A state audit released Thursday says the Electronic Classroom of Tomorrow purposely inflated the amount of time it claimed its students were engaged in learning, leading the now-closed online school to receive more money than it deserved from the state.
Auditor of State Dave Yost’s office said they have referred their audit to the U.S. Attorney’s Office and the Franklin County Prosecutor’s Office for possible criminal prosecution.
“Our auditors documented that ECOT officials had the ability to provide honest, accurate information to the state and they chose not to,” Yost said in a press statement. “By withholding information, ECOT misled state regulators at the Department of Education, and ECOT was paid based on that information. I believe this may rise to a criminal act.”
Yost’s audit found that ECOT did not submit full information from its ActivTrak software to the Ohio Department of Education to detail what its students were doing while logged on to their computers. Yost harshly criticized ODE for not pushing for evidence that students were doing learning activities, rather than sitting idle.
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“With the level of incompetence displayed by both the school and ODE, the regulator, it’s amazing that any money went to education whatsoever,” Yost said. “The Department of Education did not require proof that the students were engaged in learning, and ECOT was more than happy to oblige in providing watered-down information that the Department inexplicably accepted, even though they knew more-detailed information was available.”
But Yost’s office has come under criticism as well. The state auditor gave the online charter school awards for good bookkeeping in 2014 and 2016 and Yost himself served as a guest speaker at ECOT’s graduation ceremony in 2014 and 2015.
Yost, who has served as state auditor for nearly eight years, is a Republican now running for attorney general.
A whistleblower who worked for ECOT said he told ODE last year that school officials ordered technology staff to manipulate student data with software used after the state demanded repayment, according to The Associated Press. The whistleblower said he informed Yost.
More than 1,000 students from all corners of the Miami Valley were listed as enrolled at ECOT in 2016-17, including more than 600 who lived in the Dayton school district. Another 168 lived in the Hamilton district, 94 in Springfield, 82 in Kettering and 79 in Xenia.
Following Ohio law for charter schools, state funding for those students was first delivered to their “resident” school district, then deducted and delivered to ECOT. School districts complained that they suffered a loss, as a full $6,000 per student was deducted from their bottom line, even though the state funding formula only gave them $3,000 or $4,000 in state money per regular student, depending on the district.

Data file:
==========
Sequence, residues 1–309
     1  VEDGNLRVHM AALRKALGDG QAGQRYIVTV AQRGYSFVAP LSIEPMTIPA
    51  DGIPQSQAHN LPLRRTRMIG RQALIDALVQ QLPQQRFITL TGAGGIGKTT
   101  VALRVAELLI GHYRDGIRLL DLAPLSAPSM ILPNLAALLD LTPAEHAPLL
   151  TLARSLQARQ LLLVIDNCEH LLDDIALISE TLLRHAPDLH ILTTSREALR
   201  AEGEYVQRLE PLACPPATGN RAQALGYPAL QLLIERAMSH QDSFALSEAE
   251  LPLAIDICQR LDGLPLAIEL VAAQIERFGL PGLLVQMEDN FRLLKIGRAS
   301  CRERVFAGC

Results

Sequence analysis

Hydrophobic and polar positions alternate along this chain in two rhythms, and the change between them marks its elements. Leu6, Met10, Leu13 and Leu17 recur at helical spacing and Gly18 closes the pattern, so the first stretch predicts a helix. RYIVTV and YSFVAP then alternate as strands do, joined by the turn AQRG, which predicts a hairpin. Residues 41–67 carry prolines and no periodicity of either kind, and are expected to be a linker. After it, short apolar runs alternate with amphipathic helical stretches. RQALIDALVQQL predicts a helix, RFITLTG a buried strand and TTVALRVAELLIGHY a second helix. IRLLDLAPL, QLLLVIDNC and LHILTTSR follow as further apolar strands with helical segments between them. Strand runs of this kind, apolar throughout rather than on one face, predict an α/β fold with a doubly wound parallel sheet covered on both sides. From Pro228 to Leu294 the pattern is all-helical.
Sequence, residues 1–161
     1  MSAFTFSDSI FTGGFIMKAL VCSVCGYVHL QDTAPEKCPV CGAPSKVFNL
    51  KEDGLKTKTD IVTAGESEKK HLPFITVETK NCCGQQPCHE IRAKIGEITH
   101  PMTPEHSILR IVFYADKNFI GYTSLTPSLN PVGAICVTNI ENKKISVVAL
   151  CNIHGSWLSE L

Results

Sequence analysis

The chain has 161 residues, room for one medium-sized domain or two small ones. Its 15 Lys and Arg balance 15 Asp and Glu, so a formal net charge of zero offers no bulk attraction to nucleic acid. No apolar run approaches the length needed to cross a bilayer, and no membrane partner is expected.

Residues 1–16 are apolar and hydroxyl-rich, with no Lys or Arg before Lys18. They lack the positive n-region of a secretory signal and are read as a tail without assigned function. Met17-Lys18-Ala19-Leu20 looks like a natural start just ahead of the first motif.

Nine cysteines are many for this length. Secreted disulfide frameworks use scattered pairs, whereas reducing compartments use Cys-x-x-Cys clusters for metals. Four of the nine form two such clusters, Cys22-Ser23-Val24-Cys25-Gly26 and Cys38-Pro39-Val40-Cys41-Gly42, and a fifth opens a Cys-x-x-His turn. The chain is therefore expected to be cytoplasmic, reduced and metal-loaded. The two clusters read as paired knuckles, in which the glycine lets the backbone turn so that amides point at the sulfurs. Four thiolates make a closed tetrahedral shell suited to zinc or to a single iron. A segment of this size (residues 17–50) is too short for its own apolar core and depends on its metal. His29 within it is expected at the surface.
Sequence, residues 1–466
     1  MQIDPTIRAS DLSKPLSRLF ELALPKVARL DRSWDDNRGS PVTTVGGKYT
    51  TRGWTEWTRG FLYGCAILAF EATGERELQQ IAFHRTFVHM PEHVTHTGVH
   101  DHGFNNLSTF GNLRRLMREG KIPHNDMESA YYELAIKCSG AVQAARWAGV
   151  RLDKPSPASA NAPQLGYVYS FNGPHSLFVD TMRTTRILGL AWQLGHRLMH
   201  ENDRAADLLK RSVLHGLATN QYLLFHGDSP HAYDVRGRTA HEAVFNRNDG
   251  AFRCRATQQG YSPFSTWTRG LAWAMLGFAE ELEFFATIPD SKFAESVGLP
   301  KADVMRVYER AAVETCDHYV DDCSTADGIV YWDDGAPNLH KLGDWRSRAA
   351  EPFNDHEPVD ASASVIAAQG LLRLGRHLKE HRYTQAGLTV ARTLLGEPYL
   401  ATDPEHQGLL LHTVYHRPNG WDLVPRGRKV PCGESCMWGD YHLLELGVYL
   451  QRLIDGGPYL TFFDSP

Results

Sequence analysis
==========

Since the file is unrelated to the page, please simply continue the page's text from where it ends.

ECOT suspended operations Jan. 19 after it lost support from its sponsor, Educational Service Center of Lake Erie West. The online charter faced a court-order that it repay the state for over-reporting student attendance. The school claimed to be one of the nation’s largest online K-12 schools with more than 12,000 students enrolled. The school first graduated students in 2001.
As part of enrollment reviews by the Ohio Department of Education, ECOT could not prove student participation levels for the number of full-time students it claimed in 2015-16 and 2016-17.
ECOT claimed it had more than 15,000 students while state investigators concluded the true enrollment was about 60 percent fewer.
So ODE announced it would claw back $60.4 million that had been paid to ECOT for 2015-16 and $19.2 million for 2016-17.
In July 2017, the state started withholding $2.5 million each month from ECOT payments. The next month, ODE started holding back even more money for the 2017-18 school year, based on ECOT’s announcement that enrollment had dipped further.
State officials calculate that Ohio has recovered $25.9-million owed by ECOT for overpayments. It is up to the Ohio Attorney General’s office to recover the remainder. Recovered money is expected to be redistributed to local school districts, though details have yet to be worked out, an ODE spokeswoman said.
Mohamed Al-Hamdani, a member of Dayton’s school board, said he doubts the state or any school district will ever recover all of the money in question from ECOT. He also called for the state to take a hard look at the for-profit charter school model.
“It creates almost a competition between charter schools and public (district) schools,” Al-Hamdani said. “It creates a weird system where both sides at times are rooting for the failure of the other. What that does, essentially, is both sides are rooting for failure of students, and that’s really troubling.
“This is a very political game right now with ECOT,” Al-Hamdani continued. “Hopefully politics can be put aside by both parties, and we can focus on what’s important. Let’s recover the money that taxpayers lost to this organization and make sure that the districts that were hit the most — which was usually urban districts — recover some of that money to provide the services we need for our students.”